My son is very bossy when he interacts with his family and friends. As a smaller child it didn’t seem to be a problem since I reasoned that he would grow out of it, but now it is apparent that I’ve inadvertently created a brat. When he doesn’t get his way, he will try his best to force everyone to his way of thinking. If that doesn’t work, my son retreats into a sulky silence and refuses to let up until he gets his way. His friends used to give into his demands, but as they enter their teen years they rarely come around to play with him. He routinely gets left out of things that his friends are doing. His attitude doesn’t bother me much and since it is just him and I, it’s easy enough to do what he likes. Family members are telling me that I need to deal with this problem, but I just don’t know where to start.
Dear Permissive Peggy,
Halfway through the raising of your Miniature Human you realized you made a horrible mistake. Now you want to not only hit the brakes, but actually flip the vehicle around and face it the other way?! That is a tall order, but one I think I can fulfill. Before you beat yourself up too badly, consider this – you could have continued on the current course, eventually unleashing a beastly adult on the rest of us.
Society will remember you for your heroic efforts in fixing this bratty Mini Human.
The first thing I would recommend you do is sit down with your Miniature Human and talk to him. He is old enough to hear what you have to say and contemplate it. Point out that his friends no longer come over as often as they did before. Point out that his friends exclude him from events. Point out that even his family is becoming fatigued by his behavior. (Maybe also point out you are being held hostage to the whims of a madman and you’d like a say in the pizza toppings from now on.) Then point out that the problem is entirely fixable at his young age. All he has to do is stop sulking like a petit bébé who lost his bottle when he doesn’t get his way.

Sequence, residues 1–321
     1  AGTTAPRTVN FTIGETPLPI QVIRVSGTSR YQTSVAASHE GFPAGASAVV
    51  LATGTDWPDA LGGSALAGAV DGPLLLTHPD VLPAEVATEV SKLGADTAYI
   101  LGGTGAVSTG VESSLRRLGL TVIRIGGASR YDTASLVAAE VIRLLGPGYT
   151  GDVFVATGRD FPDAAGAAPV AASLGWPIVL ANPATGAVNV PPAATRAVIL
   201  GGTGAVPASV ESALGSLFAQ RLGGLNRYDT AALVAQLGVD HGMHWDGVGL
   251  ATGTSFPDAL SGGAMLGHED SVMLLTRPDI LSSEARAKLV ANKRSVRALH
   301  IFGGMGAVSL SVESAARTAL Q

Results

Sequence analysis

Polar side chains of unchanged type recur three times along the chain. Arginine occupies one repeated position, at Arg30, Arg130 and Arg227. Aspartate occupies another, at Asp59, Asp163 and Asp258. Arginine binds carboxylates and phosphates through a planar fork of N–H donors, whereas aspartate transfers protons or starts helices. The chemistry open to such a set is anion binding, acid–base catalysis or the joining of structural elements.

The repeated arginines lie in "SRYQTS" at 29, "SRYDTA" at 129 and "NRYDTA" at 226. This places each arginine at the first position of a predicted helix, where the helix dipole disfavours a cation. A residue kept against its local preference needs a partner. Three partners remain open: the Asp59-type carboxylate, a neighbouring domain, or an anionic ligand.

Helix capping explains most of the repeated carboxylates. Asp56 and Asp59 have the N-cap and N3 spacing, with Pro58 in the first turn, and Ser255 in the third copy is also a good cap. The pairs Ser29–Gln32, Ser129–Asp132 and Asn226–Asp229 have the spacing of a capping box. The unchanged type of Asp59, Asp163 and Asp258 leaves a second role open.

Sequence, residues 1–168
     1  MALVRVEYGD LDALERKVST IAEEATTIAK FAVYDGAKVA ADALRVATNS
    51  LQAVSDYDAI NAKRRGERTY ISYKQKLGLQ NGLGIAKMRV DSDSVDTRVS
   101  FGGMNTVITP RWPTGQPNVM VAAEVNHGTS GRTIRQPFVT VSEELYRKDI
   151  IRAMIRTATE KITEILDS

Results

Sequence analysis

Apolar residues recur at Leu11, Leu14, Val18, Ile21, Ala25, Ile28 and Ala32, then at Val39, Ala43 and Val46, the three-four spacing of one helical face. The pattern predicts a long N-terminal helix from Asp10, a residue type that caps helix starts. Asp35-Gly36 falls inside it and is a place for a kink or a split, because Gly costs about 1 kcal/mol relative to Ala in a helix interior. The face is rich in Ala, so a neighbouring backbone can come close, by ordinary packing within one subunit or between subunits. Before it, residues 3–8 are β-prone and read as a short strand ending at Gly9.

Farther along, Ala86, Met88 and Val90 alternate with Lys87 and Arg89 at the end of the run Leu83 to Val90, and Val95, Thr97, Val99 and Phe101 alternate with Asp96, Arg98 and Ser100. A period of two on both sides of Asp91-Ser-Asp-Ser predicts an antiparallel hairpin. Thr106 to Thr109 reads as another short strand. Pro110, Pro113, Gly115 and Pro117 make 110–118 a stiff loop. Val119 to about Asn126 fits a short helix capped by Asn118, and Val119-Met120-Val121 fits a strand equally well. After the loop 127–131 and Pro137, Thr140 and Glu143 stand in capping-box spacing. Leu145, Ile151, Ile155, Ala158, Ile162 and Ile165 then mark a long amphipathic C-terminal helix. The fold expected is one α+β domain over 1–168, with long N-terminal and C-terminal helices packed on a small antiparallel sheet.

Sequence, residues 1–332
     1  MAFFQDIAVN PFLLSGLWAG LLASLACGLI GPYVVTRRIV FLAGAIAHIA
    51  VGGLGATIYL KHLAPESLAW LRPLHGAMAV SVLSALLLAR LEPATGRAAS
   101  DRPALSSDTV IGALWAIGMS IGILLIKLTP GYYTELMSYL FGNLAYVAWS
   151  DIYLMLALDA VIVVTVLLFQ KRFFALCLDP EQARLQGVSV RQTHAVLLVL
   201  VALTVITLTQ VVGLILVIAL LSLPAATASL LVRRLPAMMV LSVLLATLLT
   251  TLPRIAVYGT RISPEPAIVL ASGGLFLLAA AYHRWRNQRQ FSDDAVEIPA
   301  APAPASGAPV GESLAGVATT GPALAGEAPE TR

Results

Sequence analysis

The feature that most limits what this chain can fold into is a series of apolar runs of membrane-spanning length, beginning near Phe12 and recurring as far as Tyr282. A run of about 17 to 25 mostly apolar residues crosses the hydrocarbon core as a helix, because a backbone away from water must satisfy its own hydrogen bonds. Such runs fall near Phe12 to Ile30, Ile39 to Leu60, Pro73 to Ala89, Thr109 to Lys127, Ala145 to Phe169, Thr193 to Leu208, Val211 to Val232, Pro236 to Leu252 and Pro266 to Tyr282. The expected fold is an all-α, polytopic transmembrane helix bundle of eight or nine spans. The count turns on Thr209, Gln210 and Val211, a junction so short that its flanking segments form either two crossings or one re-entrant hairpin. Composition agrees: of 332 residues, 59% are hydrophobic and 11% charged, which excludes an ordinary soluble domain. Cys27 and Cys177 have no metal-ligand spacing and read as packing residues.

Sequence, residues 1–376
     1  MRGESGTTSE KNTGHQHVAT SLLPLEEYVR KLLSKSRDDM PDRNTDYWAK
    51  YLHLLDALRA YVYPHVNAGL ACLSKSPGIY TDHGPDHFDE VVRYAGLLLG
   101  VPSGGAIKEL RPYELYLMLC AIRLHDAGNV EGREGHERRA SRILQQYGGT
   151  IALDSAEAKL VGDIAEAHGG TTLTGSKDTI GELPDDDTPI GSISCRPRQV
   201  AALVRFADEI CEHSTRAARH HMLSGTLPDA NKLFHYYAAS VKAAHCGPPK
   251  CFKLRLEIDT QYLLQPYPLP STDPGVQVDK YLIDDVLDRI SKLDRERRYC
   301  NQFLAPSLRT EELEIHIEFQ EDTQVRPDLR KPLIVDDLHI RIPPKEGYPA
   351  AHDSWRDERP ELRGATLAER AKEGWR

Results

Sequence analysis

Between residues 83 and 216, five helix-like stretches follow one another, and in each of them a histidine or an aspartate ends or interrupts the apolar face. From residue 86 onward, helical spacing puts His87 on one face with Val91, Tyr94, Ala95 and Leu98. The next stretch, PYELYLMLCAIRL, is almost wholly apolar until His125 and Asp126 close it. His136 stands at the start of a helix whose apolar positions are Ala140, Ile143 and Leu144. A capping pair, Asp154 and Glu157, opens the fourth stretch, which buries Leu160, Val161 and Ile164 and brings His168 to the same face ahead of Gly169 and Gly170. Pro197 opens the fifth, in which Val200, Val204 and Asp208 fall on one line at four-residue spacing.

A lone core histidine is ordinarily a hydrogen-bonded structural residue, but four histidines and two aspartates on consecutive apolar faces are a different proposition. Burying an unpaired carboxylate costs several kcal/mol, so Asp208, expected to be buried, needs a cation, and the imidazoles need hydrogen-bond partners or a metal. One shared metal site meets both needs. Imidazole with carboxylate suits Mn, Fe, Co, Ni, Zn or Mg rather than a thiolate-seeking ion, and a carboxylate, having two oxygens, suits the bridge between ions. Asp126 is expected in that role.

It sounds much kinder to call someone a little baby when you say it in French.
After that, all it will take it some is some finesse to get his friends back into the picture. Your Miniature Human should be prepared to apologize to them and explain that he’s trying to turn over a new leaf. Then he should invite them all to do something that he has resisted in the past. I’m not talking about something he is frightened by or has a rational reason to avoid, but some activity that he normally balks at participating in. This will teach him the final lesson that he needs to learn.
The world doesn’t revolve around his wishes and desires.
If your Miniature Human doesn’t heed your advice and change his ways, perhaps it is time to consider a boarding school. From what I’ve seen in the movies, they don’t seem to care what the pupil’s personal preferences are!
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